I could be a victim myself. I’ve been to those clubs. I have a blast when I go to them. More recently, I was in a film that’s been playing at LGBTQ film festivals. Maybe that makes me a target. Maybe I’m choosing the “wrong” friends or the “wrong” roles; or I’m “giving people the wrong idea.” “You might get typecast.” Every possible fear that someone could have, someone has said it to me. I’ve been judged, I’ve been labeled, I’ve been lectured. Why? Because I identified with a character who was different from myself and chose to play him in a movie. Because I accept people. Because I’m not afraid of people “getting the wrong idea.” Because I’m not worried about whether or not people think I’m “different.”

When do we stop the hate? When do we stop pointing fingers at others and look at ourselves? We are perpetuating this. We are all guilty. There’s no point in blaming each other, and there’s no point in wallowing in guilt. We have to step up. We have to move forward. We have to MOVE THE FUCK ON.

All I can say now is just… please. PLEASE. No more hate. No more judgment. No more fear. I can’t take any more of it. No more bashing the presidential nominees. No more bashing our families, our enemies, our friends, our co-workers, our classmates, our teachers, our mentally ill, our handicapped, our celebrities… NO MORE!

This isn’t just a gay issue. This is a HUMAN issue. This is about the safety and the good of your children, your parents, your brothers, your sisters, your friends… This is about our country. This is about our PLANET. We have SO much work today. I’m ready to start if you are.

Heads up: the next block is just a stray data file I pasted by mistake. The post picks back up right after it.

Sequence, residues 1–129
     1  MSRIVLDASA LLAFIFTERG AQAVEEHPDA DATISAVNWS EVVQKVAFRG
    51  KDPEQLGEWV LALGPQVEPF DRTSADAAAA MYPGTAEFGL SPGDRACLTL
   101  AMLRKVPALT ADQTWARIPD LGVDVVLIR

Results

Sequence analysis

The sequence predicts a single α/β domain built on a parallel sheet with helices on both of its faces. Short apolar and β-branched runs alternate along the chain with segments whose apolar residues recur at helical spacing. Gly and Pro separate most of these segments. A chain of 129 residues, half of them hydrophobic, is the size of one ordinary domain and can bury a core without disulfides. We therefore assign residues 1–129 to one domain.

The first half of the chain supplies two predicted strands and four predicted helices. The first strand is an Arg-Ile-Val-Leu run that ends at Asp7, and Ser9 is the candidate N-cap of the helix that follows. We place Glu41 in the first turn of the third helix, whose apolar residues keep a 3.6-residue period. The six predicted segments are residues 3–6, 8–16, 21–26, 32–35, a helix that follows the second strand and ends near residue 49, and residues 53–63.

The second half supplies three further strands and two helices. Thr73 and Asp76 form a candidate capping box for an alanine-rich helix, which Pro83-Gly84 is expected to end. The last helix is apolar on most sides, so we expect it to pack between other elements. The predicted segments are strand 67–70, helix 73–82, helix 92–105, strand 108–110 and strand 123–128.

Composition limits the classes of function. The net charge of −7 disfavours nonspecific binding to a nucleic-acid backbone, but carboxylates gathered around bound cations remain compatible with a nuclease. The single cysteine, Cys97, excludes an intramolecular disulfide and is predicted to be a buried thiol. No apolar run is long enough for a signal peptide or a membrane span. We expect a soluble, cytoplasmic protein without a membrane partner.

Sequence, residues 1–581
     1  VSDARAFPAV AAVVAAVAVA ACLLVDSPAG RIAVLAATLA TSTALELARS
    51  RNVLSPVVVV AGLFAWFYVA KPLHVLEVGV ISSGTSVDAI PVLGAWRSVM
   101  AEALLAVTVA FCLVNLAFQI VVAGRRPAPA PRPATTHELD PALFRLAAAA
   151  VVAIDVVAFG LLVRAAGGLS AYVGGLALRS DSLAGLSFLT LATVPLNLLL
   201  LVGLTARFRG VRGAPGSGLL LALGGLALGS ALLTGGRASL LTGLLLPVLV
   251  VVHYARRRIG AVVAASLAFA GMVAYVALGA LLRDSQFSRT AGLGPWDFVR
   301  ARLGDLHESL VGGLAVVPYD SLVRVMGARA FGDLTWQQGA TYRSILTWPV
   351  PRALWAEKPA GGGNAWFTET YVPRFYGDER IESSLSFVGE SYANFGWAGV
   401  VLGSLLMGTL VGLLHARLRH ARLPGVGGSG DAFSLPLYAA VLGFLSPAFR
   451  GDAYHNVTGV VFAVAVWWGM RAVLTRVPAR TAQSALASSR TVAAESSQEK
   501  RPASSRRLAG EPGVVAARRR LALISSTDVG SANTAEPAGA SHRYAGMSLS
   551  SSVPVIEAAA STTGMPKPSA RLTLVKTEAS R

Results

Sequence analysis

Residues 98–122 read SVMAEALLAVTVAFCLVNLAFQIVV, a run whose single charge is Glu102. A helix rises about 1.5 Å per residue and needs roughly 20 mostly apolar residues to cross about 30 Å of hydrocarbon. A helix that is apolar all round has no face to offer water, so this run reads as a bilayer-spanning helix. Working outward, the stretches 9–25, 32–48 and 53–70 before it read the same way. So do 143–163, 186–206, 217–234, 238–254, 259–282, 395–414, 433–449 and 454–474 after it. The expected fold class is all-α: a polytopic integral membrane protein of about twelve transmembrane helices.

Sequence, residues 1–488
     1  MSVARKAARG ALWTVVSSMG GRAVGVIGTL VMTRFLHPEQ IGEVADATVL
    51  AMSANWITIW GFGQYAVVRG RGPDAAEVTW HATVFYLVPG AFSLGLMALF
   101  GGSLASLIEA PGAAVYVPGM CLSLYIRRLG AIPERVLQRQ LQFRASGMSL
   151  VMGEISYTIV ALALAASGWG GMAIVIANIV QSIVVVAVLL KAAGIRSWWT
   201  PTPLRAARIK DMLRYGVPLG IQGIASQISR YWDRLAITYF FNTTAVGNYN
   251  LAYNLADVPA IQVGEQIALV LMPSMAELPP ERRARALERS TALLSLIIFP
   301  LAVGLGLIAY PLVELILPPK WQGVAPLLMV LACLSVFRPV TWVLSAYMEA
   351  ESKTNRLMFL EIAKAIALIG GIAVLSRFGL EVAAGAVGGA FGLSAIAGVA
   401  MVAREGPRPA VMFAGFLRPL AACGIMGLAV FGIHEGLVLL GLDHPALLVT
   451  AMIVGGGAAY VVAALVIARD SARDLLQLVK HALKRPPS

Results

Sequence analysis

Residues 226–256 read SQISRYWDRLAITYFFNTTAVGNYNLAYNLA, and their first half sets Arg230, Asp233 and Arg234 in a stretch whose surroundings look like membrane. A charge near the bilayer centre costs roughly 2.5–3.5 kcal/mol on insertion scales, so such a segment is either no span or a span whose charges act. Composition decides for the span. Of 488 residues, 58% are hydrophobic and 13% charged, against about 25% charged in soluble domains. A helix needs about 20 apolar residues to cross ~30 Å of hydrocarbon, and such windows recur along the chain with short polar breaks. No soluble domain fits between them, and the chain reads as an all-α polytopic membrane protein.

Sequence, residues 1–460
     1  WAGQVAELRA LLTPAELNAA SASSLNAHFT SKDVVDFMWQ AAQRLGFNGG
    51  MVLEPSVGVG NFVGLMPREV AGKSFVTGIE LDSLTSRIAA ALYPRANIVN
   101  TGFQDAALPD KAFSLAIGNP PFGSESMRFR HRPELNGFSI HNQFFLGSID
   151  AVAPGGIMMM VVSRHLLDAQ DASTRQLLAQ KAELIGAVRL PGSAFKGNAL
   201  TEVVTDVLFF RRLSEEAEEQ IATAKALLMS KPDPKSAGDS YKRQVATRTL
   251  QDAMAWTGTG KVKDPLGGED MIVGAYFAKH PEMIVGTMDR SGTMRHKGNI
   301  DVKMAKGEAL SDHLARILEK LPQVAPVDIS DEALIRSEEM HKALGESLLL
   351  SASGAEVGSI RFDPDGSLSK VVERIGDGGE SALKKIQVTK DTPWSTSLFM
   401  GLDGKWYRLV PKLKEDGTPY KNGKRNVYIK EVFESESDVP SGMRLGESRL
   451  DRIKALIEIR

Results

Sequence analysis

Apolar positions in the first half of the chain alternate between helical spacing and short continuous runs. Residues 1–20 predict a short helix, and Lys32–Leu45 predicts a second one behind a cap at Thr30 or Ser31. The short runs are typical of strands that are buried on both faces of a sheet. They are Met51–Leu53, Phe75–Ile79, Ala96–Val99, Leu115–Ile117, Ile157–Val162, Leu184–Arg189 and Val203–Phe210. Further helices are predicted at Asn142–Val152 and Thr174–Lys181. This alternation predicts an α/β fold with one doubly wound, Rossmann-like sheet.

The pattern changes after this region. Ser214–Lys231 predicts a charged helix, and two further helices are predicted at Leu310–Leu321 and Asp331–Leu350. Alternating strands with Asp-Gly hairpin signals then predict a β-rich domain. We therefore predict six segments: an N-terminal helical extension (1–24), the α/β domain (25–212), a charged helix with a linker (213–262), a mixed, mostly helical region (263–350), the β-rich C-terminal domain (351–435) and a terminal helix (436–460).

4 thoughts on “Orlando and the End of Everything

  1. Laurence Colclough says:

    Very well written. Articulate and to the point. We live in a blame society where no one is willing to take the blame but is very judgemental in putting the blame on others. Perhaps if society took a good look at themselves and realised we are all the same under the skin, then perhaps we can change for the better and become something more than just a image painted by those who hate.

    Liked by 1 person

  2. I do agree it is a human issue. Why does it seem the biggest threat to a human is another human? I don’t think hate will ever disappear but the effort to reduce it will bring benefits. Love goes a long way. Just respect can make a difference.
    Unfortunately, too many groups, companies, and power-hungry people have learned that fear generates money and influence for them. Fear of course can lead to hate.
    Your post reminds me of “Imagine” by John Lennon.

    Liked by 1 person

  3. I agree that his is an issue that pertains to all of us. I also believe that the only answer is love. Hatred may seem powerful, but it doesn’t stand a chance against love. Even in death love perseveres.

    Liked by 1 person

  4. Hello Justin
    I’m a blog friend of Bill’s and he suggested to his friends to come over and read your post.
    Hatred certainly casts it’s spell on humanity way too often, as you have written so succinctly.
    It is a very powerful post Justin.
    I am one of those optimistic people who believe good will conquer evil but it often takes humanity decades for it to prevail.
    Keep the good fight going Justin.

    Liked by 1 person